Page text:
Like most other fields, technology in agriculture is a must, believes Garg, adding that it impacts every aspect of agriculture, from seed to market. “Agriculture requires a mix of digital and physical approaches for building a scalable and sustainable business model,” says Garg, who is planning to launch a network of brick-and-mortar HFN Kisan Centers. “These will be farmer-owned and operated. We plan to open 17,000 such centres across India,” he adds. 

Young farmer Sheik sums up the tenacious spirit of others of his ilk and states, “There are many ways to earn money, but there is only one way to earn food, and that’s through agriculture.” True that! We owe a lot to the farmers. It is about time we realise it too. 

Kisan Diwas is observed on December 23 in remembrance of former PM Chaudhary Charan Singh, who was committed to the wellbeing of the farmers. I met farmers and agripreneurs, who have leveraged technology, to do the same to celebrate the day. The article was published in The Free Press Journal on December 19, 2021.

2021: A year of Love, Labour and Loss

Love is a mystery. Love is unitive. Love is how we connect as human beings with one another and with the whole universe together. Love is how we learn, become better, and make the world a better place to live for us and others. Love needs freedom to breathe, equality to thrive, and openness to flow and grow. Love is personal, political, philosophical, sexual, social, historical, metaphysical, transcendental, et al. Sadly, we have only one word to describe such a complex emotion. The ancient Greeks had six different words, but even that’s not enough. 2021 taught me new ways to describe the complexity of love and its various hues. Love lost on many counts, but it miraculously sprang on a few occasions like a phoenix. My LOVE vocabulary was defined and redefined by people who touched my life one way or another this year.

shillpi a singh

LOVE IS PROMISE: Jaspreet Chandhok

Jaspreet Chandhok is an architect by education who runs one of India’s leading lighting design firms, Ethereal Designs in Delhi & Mumbai, and is a happy mother-in-waiting. “Motherhood was always on my mind, but adoption has been my only choice,” says Chandhok.

LOVE IS PROMISE: Jaspreet Chandhok, a mother-in-waiting.

She got married at 35 and conceived at 36. The first trimester was tough for her. “I had frequent nausea, severe acidity, lethargy, throwing up at any strong smell or taste to the extent I couldn’t even brush my teeth daily for fear of vomiting. As the first trimester completed, I suffered a miscarriage. It was traumatic. The idea repulsed us, and we were afraid of going through the same rigmarole again. To add to it, my husband was facing a challenging medical situation too,” reminisces Chandhok.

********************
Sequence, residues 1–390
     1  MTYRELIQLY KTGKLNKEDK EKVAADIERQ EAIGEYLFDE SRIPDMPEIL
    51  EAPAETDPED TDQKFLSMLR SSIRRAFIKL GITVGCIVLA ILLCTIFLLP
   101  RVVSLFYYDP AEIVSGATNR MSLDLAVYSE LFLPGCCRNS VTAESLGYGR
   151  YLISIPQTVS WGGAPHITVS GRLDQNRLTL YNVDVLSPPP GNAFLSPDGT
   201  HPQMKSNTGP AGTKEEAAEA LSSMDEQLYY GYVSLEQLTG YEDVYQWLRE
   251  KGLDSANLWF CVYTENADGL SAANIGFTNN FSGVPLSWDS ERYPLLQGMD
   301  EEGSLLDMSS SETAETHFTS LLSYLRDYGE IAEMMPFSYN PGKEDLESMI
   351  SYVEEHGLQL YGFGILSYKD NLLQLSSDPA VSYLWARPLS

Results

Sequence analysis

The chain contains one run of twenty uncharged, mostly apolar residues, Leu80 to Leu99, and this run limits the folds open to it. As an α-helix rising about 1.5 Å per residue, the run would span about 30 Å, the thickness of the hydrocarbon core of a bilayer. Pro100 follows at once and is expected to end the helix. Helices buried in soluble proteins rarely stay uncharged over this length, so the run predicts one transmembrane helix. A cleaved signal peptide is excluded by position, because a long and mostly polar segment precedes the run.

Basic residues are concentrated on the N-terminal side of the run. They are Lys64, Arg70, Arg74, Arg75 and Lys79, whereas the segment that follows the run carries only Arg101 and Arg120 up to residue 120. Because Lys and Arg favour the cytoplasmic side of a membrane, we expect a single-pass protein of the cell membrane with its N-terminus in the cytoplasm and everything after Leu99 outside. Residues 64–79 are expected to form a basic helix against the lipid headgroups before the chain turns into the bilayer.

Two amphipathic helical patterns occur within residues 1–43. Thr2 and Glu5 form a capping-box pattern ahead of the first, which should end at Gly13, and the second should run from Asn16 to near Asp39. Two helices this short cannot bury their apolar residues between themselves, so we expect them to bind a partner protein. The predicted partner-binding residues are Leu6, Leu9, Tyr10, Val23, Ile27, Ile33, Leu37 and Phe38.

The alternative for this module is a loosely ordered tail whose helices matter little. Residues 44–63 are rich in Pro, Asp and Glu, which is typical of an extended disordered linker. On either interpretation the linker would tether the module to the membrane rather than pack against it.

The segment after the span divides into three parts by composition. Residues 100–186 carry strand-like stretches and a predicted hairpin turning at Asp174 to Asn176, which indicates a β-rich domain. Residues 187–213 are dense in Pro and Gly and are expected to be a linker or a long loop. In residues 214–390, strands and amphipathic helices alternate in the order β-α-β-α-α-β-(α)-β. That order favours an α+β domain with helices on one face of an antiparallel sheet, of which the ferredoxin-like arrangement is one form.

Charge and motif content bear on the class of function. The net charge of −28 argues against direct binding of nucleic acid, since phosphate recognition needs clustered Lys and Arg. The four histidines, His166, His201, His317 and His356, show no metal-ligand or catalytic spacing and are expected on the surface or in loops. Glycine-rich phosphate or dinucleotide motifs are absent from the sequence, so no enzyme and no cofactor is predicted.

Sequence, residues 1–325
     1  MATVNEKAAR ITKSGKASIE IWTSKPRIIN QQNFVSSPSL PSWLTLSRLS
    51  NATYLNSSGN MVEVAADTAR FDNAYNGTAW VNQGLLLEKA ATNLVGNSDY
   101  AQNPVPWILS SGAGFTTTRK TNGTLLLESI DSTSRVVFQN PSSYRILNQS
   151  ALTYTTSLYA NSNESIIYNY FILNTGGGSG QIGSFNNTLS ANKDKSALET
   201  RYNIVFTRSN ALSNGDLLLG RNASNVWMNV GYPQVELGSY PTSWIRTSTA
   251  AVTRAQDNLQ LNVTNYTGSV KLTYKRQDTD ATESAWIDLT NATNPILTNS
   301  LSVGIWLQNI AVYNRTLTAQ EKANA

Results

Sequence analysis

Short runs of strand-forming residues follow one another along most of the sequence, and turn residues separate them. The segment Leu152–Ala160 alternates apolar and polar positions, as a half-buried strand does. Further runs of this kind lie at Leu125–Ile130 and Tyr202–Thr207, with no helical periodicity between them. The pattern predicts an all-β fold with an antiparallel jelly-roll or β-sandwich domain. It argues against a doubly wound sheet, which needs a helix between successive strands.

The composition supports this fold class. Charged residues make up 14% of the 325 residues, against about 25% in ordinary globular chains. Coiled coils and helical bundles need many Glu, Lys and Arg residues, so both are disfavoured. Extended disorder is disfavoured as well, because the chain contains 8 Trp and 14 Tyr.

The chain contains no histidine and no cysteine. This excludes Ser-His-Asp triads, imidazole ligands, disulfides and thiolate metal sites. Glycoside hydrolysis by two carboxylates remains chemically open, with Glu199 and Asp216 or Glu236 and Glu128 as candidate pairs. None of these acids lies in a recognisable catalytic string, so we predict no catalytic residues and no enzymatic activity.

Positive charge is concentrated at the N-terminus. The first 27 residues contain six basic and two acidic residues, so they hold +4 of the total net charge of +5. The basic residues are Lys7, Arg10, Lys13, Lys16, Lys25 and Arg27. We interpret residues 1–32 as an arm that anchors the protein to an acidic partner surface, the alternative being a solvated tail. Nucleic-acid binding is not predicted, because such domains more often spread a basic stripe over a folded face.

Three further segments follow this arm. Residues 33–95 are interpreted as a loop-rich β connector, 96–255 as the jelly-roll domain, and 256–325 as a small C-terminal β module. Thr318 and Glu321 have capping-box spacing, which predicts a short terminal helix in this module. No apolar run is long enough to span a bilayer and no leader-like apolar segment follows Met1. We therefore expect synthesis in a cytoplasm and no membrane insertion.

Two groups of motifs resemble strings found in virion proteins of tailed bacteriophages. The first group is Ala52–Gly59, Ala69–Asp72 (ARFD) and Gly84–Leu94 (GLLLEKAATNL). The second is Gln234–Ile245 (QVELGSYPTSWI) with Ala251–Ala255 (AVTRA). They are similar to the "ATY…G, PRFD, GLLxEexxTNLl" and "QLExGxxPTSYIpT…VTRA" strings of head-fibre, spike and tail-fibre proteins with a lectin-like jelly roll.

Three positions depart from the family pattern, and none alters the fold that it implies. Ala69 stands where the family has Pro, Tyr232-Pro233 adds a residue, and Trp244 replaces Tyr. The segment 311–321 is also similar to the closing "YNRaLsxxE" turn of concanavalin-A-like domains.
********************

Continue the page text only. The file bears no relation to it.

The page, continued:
At 40, she wanted to be a mother badly but chose to miss the biological route. “Adoption seemed to be the most promising and empowering means of bringing a child into our lives. We registered in the Central Adoption Resource Authority (CARA) in August 2020. Our seniority on the waiting list of prospective adoptive parents in Delhi was 1421 in September 2020; Currently, we are 1014th, which could mean another 18 to 20 months of waiting time,” adds Chandhok.

Once she and her husband registered for CARA, they have been pretty firm on their decision throughout. “We not only preferred to go for closed adoption only though CARA because we feel it fulfils the mutual need of the child and the couple,” says the mother, who is happily waiting to bring her bundle of joy home, one day soon. It is a long and arduous wait.

Less than 30% of prospective parents registered at CARA before the Chandhoks have brought their child home in the last 16 months. The maths is simple: 16 months for 400. At this rate, the total wait for the Chandhok couple seems longer than three years. The number on the waiting list seems more gruelling and taxing than even the toughest All-India competition’s list of rank holders. They stand 1014 on Delhi’s waiting list, 1408 on Maharashtra and 892 in Punjab as on December 18, 2021.

Meanwhile, a group of 350 (the number is growing every day) prospective adoptive parents (registered with CARA) like her formed ‘Adoption Action Group’ four months ago and have been trying various means to bring about awareness and request the Ministry of Women and Child to streamline, improve and make the adoption process faster.

“I also coordinate some activities of the group including the Twitter campaign, and I ardently keep tweeting on some days. It worries my close ones. They get the impression that I’m suffering while waiting, so I’m doing it. But I don’t do it out of frustration or desperation. I do it as a process of motherhood. I might not be carrying that unknown child in my womb and watching it grow inside me, but I have been feeling similar excitement as any other biological mother. My motherhood journey is different but yet similar to any other mother,” says Chandhok.

As a mother-in-waiting, she signs off saying the most profound words in favour of her decision to adopt and not give birth: “Yes, the child we will bring home won’t have our bloodline, our looks or genes, but we are not running a kingdom anyway; there is no royal blood legacy that we are aware of and something that we must take forward through our progeny. Our love is our legacy. We are eagerly looking forward to our child, who shall belong to our own ‘Loveline’ not ‘bloodline’.” That’s an unsaid PROMISE she’s made to her unknown CHILD, and with LOVE.

“We are born of love; love is our mother.”


2021: A year of Love, Labour and Loss